The church is a home for peacemakers
In the midst of a war, I found my home in the Catholic church.
I was a college student, majoring in history. Studying history meant, among other things, studying war and the destruction and injustices that wars had repeatedly caused. The more I studied this side of history, the more passionate I became about social movements and peaceful alternatives. The truth of history convinced me that war, militarism and violence were all immoral.
At the same time, I was exploring the varieties of Christianity that were available to me. I loved the energetic worship of some of my Evangelical friends. I appreciated the openness that I experienced in some of the mainline Protestant church communities I visited. I enjoyed my stints on the summer staff at a Lutheran Bible camp. I felt tentative about my own faith identity; I was raised with a Catholic faith, but felt that I didn't understand it or appreciate it like I should. As I continued to feel drawn to discerning religious life, an option that was best available to me within the Catholic church, I wondered if I'd really feel OK with fully identifying as Catholic.
Then one morning, at the start of my junior year, I was watching "The Today Show" while I got ready for class. Suddenly, the screen showed me images of the attack on the Twin Towers in New York City. A lump arose in my throat and tears streamed down my face, as I stared in shock at the news. I remember intense prayers pouring out of me. It was September 11, 2001.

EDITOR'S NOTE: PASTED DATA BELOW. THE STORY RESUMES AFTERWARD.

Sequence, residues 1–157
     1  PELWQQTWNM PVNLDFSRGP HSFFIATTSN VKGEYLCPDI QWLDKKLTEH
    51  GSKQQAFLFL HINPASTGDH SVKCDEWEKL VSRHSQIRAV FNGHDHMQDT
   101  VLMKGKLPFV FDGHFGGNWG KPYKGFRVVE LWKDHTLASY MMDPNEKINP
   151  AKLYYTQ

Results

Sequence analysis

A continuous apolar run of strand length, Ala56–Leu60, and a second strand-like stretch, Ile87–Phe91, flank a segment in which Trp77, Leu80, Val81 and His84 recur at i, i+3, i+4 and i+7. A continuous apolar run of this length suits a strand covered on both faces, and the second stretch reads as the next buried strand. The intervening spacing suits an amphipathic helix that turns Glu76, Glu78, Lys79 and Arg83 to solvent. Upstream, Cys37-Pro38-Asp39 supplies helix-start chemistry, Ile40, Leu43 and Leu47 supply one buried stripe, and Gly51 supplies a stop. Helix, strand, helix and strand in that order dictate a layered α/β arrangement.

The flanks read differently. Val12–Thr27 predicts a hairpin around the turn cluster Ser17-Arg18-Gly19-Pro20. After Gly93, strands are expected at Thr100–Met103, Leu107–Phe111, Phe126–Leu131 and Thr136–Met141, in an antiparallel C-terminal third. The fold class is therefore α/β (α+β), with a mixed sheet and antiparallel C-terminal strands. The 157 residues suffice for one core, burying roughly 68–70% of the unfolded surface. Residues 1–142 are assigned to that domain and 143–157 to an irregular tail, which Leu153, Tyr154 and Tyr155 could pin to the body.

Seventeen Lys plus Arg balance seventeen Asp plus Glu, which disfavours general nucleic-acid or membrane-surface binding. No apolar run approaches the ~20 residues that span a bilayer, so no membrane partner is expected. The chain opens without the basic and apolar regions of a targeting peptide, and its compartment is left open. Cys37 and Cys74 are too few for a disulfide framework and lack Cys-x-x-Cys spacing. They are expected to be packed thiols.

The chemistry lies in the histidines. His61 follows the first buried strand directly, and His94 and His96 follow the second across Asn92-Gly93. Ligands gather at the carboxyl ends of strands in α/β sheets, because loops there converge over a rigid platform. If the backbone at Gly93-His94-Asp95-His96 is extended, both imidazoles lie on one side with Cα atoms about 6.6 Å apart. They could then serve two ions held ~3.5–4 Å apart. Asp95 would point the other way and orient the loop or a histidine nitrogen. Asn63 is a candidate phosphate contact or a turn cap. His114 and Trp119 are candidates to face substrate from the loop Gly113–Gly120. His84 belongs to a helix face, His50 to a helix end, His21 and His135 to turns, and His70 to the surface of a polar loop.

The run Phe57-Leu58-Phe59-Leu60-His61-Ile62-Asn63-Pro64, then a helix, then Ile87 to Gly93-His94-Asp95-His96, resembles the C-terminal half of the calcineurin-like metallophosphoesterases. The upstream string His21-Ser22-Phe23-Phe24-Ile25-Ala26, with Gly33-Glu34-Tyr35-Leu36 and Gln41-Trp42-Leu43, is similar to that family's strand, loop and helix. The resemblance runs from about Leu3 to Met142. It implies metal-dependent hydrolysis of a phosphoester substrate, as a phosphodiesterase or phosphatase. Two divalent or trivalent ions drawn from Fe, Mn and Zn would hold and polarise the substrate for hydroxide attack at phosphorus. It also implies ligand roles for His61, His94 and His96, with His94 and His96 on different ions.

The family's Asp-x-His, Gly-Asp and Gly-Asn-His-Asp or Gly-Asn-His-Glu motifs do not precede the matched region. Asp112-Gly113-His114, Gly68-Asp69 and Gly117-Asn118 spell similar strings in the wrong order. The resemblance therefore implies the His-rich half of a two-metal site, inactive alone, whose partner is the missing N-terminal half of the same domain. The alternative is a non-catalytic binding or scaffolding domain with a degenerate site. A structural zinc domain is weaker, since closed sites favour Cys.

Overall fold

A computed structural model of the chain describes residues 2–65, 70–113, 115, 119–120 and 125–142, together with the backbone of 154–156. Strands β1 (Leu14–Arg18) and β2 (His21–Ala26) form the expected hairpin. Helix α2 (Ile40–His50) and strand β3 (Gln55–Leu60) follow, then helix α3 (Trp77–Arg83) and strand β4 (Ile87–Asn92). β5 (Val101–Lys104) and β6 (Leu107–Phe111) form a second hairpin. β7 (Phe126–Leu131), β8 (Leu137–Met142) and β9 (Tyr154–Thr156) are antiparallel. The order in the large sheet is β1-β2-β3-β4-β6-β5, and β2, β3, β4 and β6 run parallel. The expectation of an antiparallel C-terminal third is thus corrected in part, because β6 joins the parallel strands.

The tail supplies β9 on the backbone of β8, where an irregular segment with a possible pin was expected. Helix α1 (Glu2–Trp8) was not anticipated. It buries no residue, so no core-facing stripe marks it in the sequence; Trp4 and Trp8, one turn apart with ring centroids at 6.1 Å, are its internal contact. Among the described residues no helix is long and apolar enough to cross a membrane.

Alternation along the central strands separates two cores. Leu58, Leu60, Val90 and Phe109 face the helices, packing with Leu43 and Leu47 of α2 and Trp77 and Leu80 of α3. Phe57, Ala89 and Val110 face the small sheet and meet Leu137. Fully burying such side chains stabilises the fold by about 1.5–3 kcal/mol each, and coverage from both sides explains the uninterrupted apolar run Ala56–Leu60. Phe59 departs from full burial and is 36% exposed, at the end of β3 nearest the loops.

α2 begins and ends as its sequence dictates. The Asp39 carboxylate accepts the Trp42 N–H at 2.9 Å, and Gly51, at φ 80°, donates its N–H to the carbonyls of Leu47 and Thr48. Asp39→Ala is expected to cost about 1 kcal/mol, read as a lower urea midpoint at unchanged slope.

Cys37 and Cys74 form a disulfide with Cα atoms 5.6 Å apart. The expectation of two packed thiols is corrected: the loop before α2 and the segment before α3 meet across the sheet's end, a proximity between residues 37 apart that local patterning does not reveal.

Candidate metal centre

Soon after, I watched with disturbance as many of the social patterns I had learned about in my history classes erupted throughout our nation. Before we finished mourning the dead and praying for peace, scapegoats were identified and blame was placed. Flags and decals to express patriotism flew out of stores and appeared in yards, on cars, doors and laptops. Some people cried out for war as politicians debated solutions. The tension was extreme. I was concerned about the future of humanity.
I didn't want to live in world that was quaking from the wounds of war. In communities near and far, lines were being drawn, and many people were eager to contribute to some sort of solution. Some of my classmates disappeared from classrooms as they volunteered for different branches of the military. Others, like myself, tried to participate by organizing prayer services and peace vigils. The world cried out for action, and the way forward seemed unclear.